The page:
Marion Wallace Dunlop (1864 - 1942)

A Google-Eyed Demon, (white with stripes) from Devils in Diverse Shapes, circa 1906

SKU: 10124
Signed with monogram, titled to reverse. Hand coloured woodcut.

Height – 12.8cm
Width – 10.2cm


Private collection

Marion Wallace-Dunlop’s roaring and grinning Devils in Divers Shapes emerged from an imagination that conceived daring and innovative protests for the women’s suffrage movement, including the first hungerstrike campaign. In July of 1909, Wallace-Dunlop staged a hunger strike and followed up with newspaper interviews. Previously, she led other protests, including women’s deputations to Parliament and stamping messages in violet ink on the walls of Westminster (she is memorialised in the stained glass in St. Stephen’s Porch), and, later, massive street processions ‚Äì each conceived to capture headlines and stir emotions.

Her rare 1905 prints similarly evoke outrage, humour and impishness. A devotee of faery lore, the Celtic twilight and fine art, Wallace-Dunlop grew up near Inverness and descended from the rebel family of William of Wallace. Trained in fine art, Wallace-Dunlop set up her studio in 1890s London, out of which she painted portraits and watercolours, illustrated children’s books and published cartoons in Punch and elsewhere. After 1906, however, she turned her classical training in painting and printmaking to the service of the militant women’s suffrage movement. Along with the Pankhursts in the Women’s Social and Political Union, she directed the creation of tapestries, banners and prints.

These diminutive devils fascinate because they seem to embody full emotions ‚Äì from deep outrage to mild distemper, wild surprise to joyful and proud self-regard ‚Äì with a measure of innocence. These ‚Äúdivers‚Äù, androgynous, and sometimes amphibious creatures are never bashful and are in full command of their moments. Their emotionality distinguishes them from the urbane and decadent illustrations of her contemporaries William Strang and Aubrey Beardsley. Like them, Wallace-Dunlop’s imagination did not peddle morality over passion, but unlike their works, Devils in Divers Shapes unapologetically revels in both soulful silliness and emotive energy.

Commentary by Joseph Lennon, Associate Dean, Emily C. Riley Director of Irish Studies and Professor of English at Villanova University. He has written two books – Irish Orientalism: A Literary and Intellectual History (2008) and Fell Hunger (2011). His current project focuses on the origins of the modern hunger strike.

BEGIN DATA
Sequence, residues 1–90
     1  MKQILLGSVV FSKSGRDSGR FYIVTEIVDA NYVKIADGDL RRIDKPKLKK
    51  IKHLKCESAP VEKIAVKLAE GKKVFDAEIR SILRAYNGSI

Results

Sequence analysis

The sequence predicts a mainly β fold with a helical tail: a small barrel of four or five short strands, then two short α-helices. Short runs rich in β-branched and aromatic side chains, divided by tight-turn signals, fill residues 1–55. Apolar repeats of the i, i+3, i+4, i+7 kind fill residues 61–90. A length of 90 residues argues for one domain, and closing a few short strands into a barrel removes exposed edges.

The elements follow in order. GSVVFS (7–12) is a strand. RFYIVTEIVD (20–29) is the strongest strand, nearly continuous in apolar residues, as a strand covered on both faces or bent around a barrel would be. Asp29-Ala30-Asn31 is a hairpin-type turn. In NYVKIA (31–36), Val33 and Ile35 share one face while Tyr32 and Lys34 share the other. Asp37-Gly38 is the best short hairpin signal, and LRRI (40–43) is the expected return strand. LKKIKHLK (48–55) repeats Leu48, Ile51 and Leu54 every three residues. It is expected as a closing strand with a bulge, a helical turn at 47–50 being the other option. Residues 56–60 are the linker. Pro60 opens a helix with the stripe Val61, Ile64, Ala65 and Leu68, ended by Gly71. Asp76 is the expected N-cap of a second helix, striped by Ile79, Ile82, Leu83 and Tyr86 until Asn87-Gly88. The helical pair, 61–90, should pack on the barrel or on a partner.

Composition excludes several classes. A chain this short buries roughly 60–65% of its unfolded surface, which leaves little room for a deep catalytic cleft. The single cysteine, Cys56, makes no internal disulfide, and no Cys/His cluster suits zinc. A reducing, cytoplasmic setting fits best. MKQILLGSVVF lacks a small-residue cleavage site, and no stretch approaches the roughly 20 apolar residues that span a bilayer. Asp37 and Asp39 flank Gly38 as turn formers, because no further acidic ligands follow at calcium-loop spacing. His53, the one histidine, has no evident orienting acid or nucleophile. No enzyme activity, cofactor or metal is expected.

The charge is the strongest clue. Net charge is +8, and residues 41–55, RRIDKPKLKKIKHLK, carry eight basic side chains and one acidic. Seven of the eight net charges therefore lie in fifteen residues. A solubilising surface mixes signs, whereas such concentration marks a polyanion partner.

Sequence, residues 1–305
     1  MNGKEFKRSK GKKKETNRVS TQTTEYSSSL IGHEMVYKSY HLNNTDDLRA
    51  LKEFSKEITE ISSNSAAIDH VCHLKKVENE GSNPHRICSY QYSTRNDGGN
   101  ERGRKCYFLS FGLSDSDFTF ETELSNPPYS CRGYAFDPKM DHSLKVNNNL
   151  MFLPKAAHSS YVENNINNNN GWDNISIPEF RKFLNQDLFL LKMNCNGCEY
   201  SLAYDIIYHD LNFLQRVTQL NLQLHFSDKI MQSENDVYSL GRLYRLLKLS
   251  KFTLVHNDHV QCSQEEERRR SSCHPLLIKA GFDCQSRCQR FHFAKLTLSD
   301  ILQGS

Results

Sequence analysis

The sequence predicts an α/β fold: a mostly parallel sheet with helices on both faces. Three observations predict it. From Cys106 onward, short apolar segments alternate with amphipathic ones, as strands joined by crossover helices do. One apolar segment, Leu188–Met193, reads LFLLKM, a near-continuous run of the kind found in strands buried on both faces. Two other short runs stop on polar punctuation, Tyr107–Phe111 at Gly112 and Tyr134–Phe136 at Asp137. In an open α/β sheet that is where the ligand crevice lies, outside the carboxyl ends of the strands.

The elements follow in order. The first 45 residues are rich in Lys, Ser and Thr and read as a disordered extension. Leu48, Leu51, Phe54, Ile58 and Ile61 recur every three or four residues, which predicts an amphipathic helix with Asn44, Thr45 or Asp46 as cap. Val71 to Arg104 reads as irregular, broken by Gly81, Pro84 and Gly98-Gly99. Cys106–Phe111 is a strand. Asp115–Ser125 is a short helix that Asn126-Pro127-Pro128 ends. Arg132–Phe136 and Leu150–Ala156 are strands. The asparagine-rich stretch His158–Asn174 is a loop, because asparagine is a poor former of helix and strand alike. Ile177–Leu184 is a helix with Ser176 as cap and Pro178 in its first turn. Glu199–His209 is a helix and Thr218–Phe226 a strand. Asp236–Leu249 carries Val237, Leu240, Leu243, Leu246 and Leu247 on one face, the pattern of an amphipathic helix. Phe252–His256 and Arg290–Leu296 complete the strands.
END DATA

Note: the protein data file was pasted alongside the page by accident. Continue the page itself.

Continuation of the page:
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Marion Wallace Dunlop
Wallace Dunlop
1864 - 1942

Marion Wallace-Dunlop was a portrait painter, figurative artist,
illustrator and ardent feminist. While studying at the Slade
School of Fine Art, recognition of her talent resulted in the
commissioning, (in 1899), of two illustrated books: Fairies, Elves
and Flower Babies
and The Magic Fruit Garden. She exhibited
with the Paris Salon, the RA (1903, 1905, 1906) and the RGI

Fiercely devoted to the fight for women’s rights, she
dedicated much of her career, and life, to the suffrage movement.
After joining the Women’s Social and Political Union in 1908 she
was soon arrested for ‘obstruction’, and was the first suffragette to
go on hunger strike while imprisoned in 1909. She also directed
the creation of banners, tapestries and prints to call for women’s
right to vote, particularly the ‘Women’s Coronation Procession’
in 1911.


Marion Wallace Dunlop (1864 - 1942)
A Google-Eyed Demon, from Devils in Diverse Shapes, circa 1906
Marion Wallace Dunlop (1864 - 1942)
A Nymph from Devils in Diverse Shapes, circa 1906
Marion Wallace Dunlop (1864 - 1942)
A Glaring Demon, (without colour) from Devils in Diverse Shapes, circa 1906